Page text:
Parents are faced by a barrage of choice when it comes to choosing how their child should be educated. This is more so in Asia, where the geography, economies, history, and politics collide and lead to an intensely competitive environment. In South Korea, more so: in Seoul, well, extremely so. Should children be pressed and given intense education until late at night at multiple hagwons? Should they have freedom to develop in their own direction? Where does the dividing line get drawn? Is there even a dividing line?
Coding is very trendy, and its the same but many education institutes and consultancies claim (and sometimes pretend) that they understand these new technologies and coding languages, and have the answers about how it should be learnt.
The reality, is that tech is hard. To a non-expert, it can be frightening, as they have no idea what is being used in industry, and the possibility exists that a certain choice might be to spend much time learning some technology that will be obsolete in several years. And if not completely obsolete, a terrible career choice (imagine choosing to take photography as a university major in 2006, the year before the iPhone came out?).
I don’t claim to know the answer, but I can answer questions about what is worth your child’s time, and some strategies help students hit several rabbits, using as few stones as possible:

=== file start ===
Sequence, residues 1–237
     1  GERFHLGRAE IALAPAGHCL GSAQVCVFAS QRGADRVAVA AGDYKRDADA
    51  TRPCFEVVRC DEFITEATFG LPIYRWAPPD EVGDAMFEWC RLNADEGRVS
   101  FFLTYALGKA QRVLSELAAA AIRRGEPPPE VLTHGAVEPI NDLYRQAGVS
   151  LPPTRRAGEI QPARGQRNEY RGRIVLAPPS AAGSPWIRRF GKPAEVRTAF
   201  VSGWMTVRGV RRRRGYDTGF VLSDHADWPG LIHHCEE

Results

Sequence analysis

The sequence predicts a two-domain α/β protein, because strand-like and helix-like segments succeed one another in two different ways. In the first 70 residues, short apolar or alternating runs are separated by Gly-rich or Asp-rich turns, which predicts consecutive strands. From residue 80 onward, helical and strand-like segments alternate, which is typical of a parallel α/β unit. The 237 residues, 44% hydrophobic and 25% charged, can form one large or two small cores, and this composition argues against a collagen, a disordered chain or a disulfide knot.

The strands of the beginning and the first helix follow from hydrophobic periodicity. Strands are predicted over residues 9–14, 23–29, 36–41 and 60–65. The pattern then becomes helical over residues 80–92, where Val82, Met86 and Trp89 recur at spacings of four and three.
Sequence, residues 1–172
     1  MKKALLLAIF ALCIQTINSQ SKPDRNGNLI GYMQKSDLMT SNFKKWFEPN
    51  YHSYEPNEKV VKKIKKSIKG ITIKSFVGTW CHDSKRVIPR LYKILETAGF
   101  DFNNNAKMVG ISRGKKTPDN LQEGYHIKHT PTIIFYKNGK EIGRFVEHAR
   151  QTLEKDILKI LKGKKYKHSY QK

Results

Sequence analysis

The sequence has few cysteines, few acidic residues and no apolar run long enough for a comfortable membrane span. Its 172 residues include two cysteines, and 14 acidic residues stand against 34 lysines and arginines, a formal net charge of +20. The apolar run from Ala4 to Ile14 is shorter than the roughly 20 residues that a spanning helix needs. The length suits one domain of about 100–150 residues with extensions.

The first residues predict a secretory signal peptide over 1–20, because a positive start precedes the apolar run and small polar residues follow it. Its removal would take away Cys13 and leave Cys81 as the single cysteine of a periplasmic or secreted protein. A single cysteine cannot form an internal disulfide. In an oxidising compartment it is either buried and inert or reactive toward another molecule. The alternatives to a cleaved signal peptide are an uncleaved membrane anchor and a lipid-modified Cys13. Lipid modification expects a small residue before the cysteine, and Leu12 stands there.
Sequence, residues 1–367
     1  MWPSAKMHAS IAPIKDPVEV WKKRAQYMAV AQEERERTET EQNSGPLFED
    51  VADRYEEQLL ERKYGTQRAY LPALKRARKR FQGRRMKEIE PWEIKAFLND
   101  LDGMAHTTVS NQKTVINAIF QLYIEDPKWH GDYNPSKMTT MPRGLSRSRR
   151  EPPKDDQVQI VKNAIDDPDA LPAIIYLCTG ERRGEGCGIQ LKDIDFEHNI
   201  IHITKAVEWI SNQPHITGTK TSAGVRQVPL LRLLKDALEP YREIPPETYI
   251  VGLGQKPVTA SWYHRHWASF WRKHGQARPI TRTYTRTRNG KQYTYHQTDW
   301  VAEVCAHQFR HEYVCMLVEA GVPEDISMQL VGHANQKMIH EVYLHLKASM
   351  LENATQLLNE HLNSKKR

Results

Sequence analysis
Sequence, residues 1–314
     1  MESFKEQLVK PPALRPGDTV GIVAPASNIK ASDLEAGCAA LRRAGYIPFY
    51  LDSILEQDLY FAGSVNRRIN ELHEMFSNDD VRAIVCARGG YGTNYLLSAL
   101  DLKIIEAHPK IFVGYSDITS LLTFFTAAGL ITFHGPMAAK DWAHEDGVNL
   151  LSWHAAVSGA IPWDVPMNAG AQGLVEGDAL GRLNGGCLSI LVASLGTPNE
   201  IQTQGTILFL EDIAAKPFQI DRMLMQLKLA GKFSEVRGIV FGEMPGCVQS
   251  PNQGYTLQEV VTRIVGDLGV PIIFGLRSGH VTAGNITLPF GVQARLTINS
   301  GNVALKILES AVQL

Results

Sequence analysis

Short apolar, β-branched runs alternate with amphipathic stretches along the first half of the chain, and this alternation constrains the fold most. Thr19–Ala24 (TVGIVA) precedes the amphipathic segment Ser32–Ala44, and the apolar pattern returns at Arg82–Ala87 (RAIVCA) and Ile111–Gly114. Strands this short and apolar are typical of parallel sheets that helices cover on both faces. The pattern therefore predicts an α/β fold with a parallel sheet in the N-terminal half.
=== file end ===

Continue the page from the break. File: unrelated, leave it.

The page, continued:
- Learn practical STEM content. The kind of stuff they could add to a CV//resume without fear or embarrassment.
- Make good choices of which technology they should study. In this regard, I propose 3D-print design, Arduino and basic electronics, and embedded C-coding. These are all related to each other to build entire systems.
- Produce real portfolio content. Content based on the practical knowledge they have been helped to learn and be confident about, not content that is untruthful and doesn’t really represent what they can do.
- Teach them to build entire systems. This implies they need to be able to do basic coding, have basic tool skills, can design and print plastic enclosures, can connect electronics together without explosions, and that they can understand how to troubleshoot some of the issues they encounter.
- Have fun. Among the courses I offer, there is the principle that there must be space for students to really enjoy themselves. Which is actually quite easy: this is cool stuff. By being hands-on and practical, students can gain confidence, can dream of larger and more abstract systems of devices connected together, and be mesmerized at the cool science that lives in these areas.
Even if you aren’t thinking about signing up for any of the services and courses I offer, I’m still happy to meet and talk with parents who are facing these difficult choices, and I am happy to share my knowledge:
Please feel free to contact me for coffee! ^^